POLITICS

Chilean government rejects Venezuelan accusations of involvement in attack on Maduro

SANTIAGO – The Venezuelan government accuses Chile, along with Colombia and Mexico, of involvement in the attack on president Maduro on August 4. The Chilean government was quick to respond and reject the accusations. The Venezuelan ambassador has been summoned to the foreign ministry.

Earlier at a press conference, the Venezuelan Minister of Communication Jorge Rodriguez said that the embassies of Colombia, Chile and Mexico in Caracas “should clarify their possible participation in support of terrorists who attempted to assassinate president Maduro on August 4. 2018. ”

On that day, a drone carrying explosives exploded during the 81st anniversary of the Bolivarian National Guard in Caracas, which was attended by President Nicolás Maduro and the military leadership of that country. Immediately after the attack rumors appeared about suspects. The ruling party called it a “direct attack against the president” and assured that he would not rest until those responsible were found.

During the press conference on Sunday, Jorge Rodriguez reported that three suspects of the assassination had been captured. Among them Henryberth Rivas (nickname Morfeo), who appeared in a video presented by the Venezuelan government, linking Chilean embassy personnel to the assassination attempt.

Rivas claims in the video to have been contacted by someone in Spain, who told him to go to the Chilean embassy in Caracas after the attack, where he would get help from the Mexican and Colombian embassy to flee the country. When arriving at the Chilean embassy, according to the victims statement: “the embassy was closed, there was no one there.” Following the statement, he was ordered to go to the house of the Chilean ambassador in Venezuela, where security staff send him away.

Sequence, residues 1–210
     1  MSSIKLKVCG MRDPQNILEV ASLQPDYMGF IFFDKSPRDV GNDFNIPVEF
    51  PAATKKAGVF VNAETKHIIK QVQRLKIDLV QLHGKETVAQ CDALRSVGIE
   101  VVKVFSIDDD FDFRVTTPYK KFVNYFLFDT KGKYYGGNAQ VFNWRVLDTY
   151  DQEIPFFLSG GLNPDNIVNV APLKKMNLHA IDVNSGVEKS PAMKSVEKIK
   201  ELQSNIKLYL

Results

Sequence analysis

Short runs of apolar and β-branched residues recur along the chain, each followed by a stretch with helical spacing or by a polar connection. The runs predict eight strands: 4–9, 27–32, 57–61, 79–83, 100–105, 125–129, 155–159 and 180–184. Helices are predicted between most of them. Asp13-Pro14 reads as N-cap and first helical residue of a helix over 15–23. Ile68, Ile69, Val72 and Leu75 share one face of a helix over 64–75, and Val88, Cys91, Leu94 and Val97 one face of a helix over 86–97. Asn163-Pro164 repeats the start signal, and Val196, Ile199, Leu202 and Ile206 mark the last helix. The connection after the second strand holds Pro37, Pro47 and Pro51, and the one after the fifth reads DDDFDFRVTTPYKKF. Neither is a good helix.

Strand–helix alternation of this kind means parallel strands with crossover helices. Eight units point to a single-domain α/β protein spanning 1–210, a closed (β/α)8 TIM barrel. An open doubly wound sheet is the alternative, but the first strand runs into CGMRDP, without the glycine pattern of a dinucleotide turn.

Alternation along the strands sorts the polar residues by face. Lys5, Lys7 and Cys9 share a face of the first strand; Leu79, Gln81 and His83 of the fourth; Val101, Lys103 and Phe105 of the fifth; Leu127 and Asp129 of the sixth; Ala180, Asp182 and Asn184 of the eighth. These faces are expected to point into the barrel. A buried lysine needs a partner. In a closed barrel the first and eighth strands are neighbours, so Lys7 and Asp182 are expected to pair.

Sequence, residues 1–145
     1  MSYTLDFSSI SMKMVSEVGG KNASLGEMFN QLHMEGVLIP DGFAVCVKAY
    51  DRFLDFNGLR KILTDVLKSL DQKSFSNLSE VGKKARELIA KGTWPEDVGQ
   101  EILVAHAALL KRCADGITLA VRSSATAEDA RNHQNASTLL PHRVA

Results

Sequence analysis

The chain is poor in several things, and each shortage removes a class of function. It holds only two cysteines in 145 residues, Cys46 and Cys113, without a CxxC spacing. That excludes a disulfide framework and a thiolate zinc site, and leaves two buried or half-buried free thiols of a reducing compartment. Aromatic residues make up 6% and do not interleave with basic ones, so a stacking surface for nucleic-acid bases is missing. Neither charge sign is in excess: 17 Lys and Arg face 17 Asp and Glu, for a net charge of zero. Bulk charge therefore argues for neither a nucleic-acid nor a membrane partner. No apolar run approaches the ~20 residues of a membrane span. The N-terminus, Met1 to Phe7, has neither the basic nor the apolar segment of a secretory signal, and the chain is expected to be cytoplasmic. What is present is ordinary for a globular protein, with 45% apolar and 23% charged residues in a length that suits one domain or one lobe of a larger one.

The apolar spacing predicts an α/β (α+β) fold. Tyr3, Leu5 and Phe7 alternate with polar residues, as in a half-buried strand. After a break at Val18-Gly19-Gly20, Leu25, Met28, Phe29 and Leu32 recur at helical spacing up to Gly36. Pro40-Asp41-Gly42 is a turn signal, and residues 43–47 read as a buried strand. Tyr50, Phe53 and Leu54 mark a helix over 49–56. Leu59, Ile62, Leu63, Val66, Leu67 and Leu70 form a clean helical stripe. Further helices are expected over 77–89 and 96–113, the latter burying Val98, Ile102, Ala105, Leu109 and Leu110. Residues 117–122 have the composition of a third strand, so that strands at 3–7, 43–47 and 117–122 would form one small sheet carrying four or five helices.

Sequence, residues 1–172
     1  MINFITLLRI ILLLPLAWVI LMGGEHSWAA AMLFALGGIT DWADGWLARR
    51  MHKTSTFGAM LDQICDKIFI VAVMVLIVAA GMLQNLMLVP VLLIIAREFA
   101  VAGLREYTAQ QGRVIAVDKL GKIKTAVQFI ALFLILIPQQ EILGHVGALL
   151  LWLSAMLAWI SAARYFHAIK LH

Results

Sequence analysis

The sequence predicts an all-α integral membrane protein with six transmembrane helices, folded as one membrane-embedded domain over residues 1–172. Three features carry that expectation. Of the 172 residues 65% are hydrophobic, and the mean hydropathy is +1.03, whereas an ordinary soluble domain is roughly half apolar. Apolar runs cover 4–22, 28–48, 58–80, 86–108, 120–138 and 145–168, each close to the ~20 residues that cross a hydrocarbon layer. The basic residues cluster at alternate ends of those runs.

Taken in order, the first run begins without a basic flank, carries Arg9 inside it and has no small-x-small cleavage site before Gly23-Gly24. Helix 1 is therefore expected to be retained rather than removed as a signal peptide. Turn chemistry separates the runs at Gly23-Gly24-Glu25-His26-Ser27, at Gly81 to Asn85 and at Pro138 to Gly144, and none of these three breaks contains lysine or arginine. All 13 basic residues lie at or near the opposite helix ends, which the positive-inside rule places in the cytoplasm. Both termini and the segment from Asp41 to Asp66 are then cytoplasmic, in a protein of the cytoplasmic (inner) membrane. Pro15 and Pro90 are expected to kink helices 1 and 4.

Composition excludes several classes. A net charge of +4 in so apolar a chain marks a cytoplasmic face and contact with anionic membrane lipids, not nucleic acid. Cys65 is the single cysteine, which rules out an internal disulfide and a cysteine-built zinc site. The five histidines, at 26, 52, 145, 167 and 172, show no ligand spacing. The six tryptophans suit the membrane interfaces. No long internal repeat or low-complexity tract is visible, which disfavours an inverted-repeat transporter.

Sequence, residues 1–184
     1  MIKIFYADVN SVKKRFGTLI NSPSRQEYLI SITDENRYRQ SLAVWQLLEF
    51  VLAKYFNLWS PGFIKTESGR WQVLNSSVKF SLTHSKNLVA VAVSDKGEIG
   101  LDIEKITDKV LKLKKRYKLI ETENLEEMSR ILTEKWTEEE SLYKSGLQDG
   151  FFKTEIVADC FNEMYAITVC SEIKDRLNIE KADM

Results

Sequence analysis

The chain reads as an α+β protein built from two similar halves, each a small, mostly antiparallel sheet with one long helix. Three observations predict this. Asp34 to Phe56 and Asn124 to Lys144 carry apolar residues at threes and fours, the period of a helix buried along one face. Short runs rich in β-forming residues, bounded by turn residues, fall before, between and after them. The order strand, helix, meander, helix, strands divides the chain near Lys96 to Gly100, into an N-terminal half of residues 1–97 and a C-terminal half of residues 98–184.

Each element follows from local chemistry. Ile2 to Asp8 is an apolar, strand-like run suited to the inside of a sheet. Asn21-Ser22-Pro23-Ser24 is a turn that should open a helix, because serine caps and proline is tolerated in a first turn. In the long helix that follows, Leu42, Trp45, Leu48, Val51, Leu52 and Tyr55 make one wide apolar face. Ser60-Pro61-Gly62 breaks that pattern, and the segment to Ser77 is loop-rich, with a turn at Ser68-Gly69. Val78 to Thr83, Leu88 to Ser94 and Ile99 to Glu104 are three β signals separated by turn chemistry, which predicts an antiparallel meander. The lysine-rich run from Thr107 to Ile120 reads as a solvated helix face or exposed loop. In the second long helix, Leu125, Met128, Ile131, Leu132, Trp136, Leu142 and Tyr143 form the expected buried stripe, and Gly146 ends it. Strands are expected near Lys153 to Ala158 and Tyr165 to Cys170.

Chilean government rejects “grave insinuations”

In a press release on Sunday, the foreign affairs ministry said “Chile rejects most energetically the very serious and calumnious insinuations and threats of the government of Nicolás Maduro, made today by Jorge Rodríguez.” The country “considers the threats expressed by the Venezuelan government against the integrity of our diplomatic representation in Caracas to be of the highest severity.” As consequence, Chile has summoned Venezuela’s ambassador to the foreign ministry, where he has to explain Sunday’s press conference.

Teatinos 180 reiterated its call for dialog to solve the Venezuelan “tragedy” that “has created the largest migration of desperate citizens in the entire history of the hemisphere.” Worded to distinguish the administration from the general population, the release added that “the Venezuelan government lacks moral integrity to raise slanders against Chile.”

Rejections from Mexico and Colombia

Mexico also rejected “the unfounded accusations that [minister Rodríguez] made today regarding the supposed participation of our diplomatic personnel in Caracas in the alleged attack against President Nicolás Maduro.” Though less scathing than Chile’s statement, with the subtle qualifier ‘alleged’ Mexico hits at the Maduro government because it raises doubts an attack took place. Nonetheless, Mexico also reiterated its will to seek a diplomatic solution to Venezuela’s crisis.

Colombia, meanwhile, devoted only one sentence to Venezuela’s allegations, which it “categorically rejects.”

Venezuela’s president attacked by explosive drones

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